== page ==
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A new study using genetic data from more than 400,000 adults in the UK, found a relationship between walking speed and rangefinder length, a genetic marker of biological age.
It was in the investigation published in the journal ‘Biology of Communication’estimated by researchers at the University of Leicester walking briskly can be equal to no more and no less than 16 years of biological age in middle-aged people.
Moving faster, regardless of the amount of physical activity, was associated with longer telomeres, they noted. The study is one of the first to compare genetic data to walking speed.
“This study uses genetic data to provide stronger evidence for a causal relationship between faster walking speed and longer telomere length. Data from wrist-worn tracking devices to measure habitual physical activity support a greater role for intensity (walk faster) in relation to telomere length,” said Paddy Dempsey, lead author of the study.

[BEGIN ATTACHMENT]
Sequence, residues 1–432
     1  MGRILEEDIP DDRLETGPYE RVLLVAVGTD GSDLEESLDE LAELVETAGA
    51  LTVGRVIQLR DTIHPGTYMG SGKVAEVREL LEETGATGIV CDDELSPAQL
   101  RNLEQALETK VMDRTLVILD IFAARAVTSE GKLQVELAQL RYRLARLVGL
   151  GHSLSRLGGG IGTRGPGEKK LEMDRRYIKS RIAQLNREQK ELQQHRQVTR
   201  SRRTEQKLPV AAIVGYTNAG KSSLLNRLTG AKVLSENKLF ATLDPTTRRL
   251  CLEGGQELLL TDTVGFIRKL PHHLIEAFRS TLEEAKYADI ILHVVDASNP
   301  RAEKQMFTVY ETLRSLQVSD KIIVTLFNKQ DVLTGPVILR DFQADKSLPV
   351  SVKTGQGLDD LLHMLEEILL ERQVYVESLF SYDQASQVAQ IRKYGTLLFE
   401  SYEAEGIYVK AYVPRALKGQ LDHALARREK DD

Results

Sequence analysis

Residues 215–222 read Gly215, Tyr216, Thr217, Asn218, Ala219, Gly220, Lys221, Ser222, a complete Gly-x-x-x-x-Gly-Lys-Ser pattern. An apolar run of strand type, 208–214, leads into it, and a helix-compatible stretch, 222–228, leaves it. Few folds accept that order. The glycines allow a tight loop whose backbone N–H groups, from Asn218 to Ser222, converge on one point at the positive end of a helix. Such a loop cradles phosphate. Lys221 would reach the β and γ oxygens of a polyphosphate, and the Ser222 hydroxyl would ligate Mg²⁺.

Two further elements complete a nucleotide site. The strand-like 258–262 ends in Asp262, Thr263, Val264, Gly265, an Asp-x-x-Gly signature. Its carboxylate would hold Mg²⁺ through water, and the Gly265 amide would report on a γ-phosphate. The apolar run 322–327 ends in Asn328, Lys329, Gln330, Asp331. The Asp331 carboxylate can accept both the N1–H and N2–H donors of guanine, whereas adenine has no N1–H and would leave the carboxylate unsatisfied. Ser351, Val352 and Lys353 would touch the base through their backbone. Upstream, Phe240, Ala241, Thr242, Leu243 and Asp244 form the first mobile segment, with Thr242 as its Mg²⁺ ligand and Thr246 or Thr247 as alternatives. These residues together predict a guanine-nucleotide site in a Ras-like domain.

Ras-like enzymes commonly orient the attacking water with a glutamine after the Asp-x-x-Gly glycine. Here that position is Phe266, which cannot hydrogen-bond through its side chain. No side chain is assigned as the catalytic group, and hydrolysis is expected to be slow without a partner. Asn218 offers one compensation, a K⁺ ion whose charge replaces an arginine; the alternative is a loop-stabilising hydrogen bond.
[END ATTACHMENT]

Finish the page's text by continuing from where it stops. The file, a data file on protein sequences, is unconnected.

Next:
What is a telometer?
Telomeres are DNA sequences located at the end of the chromosome; responsible for the number of times a cell is able to divide. The longer this is, the more the number of cell divisions and the life expectancy for the organisms they make. A cell, whose telomeres have been shortened to their limit, cannot divide.
How many walks a day?
These same researchers have previously mentioned that, 10 minutes of brisk walking a day, as this is associated with a longer life expectancy of up to 20 years compared to people who walk slowly.
“Although we previously demonstrated that walking speed was a very strong predictor of health status, We haven’t been able to confirm that adopting a brisk walking pace actually leads to better health,” explains Tom Yates, lead author of the study and professor of physical activity.I
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